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This week, the United States disclosed a cyber intrustion by Russian hackers that happened this year. The hackers gained access to an unclassified U.S. military network.
The incident was revealed by United States Secretary of Defense Ashton Carter at an address at Stanford University. It was used as an example to highlight the overall growing cyber security threat present throughout the world.
Although the Russian hackers were able to gain access, Carter says a responding U.S. crack team hunted down the intruders, booted them off the network and throttled their chances of getting back in. Sensors were guarding the Pentagon's unclassified networks, which are what detected the intruders who had found an old, un-patched vulnerability.
In the process of thwarting the intruders, Carter implied the crack team was also able to learn valuable information about the hackers' methods.
In his remarks, Carter emphasized how the Pentagon was willing to use cyber weaponry to defend American networks, as outlined in their new cyber strategy. The document identifies Russia and China as the major threats, since both possess strong cyber capabilities.
"Russian actors are stealthy in their cyber tradecraft and their intentions are sometimes difficult to discern," the cyber strategy document elaborated.
Iran and North Korea, both teeming with hostile intent toward U.S. interests, reside in a tier below Russia and China in terms of cyber strength. Although, if what the FBI said is to be believed, we've already seen what North Korea is capable of in the Sony Pictures Entertainment breach. And they're no slouches.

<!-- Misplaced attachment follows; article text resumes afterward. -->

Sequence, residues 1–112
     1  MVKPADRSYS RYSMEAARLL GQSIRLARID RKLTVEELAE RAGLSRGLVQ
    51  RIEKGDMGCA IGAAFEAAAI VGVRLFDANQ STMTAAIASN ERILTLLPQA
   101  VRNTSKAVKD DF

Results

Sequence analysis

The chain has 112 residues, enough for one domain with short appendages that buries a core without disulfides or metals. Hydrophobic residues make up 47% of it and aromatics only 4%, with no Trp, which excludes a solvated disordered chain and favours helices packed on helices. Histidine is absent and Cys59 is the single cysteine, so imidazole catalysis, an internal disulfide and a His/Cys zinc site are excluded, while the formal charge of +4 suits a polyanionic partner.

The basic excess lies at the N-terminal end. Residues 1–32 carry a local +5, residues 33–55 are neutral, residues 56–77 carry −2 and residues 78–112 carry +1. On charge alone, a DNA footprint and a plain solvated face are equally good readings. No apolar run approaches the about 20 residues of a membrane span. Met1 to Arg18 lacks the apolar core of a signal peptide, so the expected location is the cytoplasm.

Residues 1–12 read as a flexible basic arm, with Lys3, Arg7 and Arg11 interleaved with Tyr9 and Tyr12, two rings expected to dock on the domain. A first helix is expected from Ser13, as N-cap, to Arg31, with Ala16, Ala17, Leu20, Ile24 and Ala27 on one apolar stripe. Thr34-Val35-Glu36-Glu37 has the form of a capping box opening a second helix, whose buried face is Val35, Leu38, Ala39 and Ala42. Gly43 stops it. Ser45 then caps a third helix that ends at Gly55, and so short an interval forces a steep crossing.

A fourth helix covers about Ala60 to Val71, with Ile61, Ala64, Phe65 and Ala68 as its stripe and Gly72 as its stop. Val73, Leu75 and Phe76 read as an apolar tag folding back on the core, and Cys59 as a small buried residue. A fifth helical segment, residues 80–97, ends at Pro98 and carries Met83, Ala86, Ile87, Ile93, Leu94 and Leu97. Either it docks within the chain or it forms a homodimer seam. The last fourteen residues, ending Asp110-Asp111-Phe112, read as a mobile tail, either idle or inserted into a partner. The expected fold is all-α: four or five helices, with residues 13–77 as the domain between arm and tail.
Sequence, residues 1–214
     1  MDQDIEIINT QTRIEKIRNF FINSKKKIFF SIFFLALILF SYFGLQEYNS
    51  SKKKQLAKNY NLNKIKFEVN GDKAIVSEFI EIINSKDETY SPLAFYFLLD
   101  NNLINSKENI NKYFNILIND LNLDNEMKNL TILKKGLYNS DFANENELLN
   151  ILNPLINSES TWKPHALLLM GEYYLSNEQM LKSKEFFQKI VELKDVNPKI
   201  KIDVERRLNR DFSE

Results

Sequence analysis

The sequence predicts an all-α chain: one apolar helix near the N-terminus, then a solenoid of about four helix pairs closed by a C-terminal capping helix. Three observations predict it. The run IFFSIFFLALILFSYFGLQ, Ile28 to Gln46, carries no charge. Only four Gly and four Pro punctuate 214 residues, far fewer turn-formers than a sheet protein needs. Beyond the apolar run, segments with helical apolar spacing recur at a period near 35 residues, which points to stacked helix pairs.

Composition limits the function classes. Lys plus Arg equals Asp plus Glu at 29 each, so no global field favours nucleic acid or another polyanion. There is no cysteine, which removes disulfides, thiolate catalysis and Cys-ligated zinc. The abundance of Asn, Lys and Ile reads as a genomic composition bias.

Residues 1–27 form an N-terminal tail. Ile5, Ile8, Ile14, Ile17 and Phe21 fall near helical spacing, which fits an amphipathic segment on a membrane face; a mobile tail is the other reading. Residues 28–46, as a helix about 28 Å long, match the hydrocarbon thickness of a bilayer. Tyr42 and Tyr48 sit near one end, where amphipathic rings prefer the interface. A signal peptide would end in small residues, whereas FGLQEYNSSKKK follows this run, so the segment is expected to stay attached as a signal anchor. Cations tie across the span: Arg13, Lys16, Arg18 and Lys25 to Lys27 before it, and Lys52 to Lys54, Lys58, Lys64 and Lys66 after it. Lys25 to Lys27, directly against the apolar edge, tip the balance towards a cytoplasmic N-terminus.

Carter recognizes the document alone may not be enough to ensure American networks. He stresses that the U.S. military still needs to cooperate with Silicon Valley and tech giants.
"As tech companies see every day, the cyber threat against U.S. interests is increasing in severity and sophistication," he said. "While the North Korean cyberattack on Sony was the most destructive on a U.S. entity so far, this threat affects us all."
Would a combined military-tech corporation cyber security force be able to prevent another Sony-esque disaster? It's hard to say, but the Pentagon does seem right about one thing: worldwide, countries are boosting their cyber capabilities. If they're aiming at the U.S., the country has no time to slack.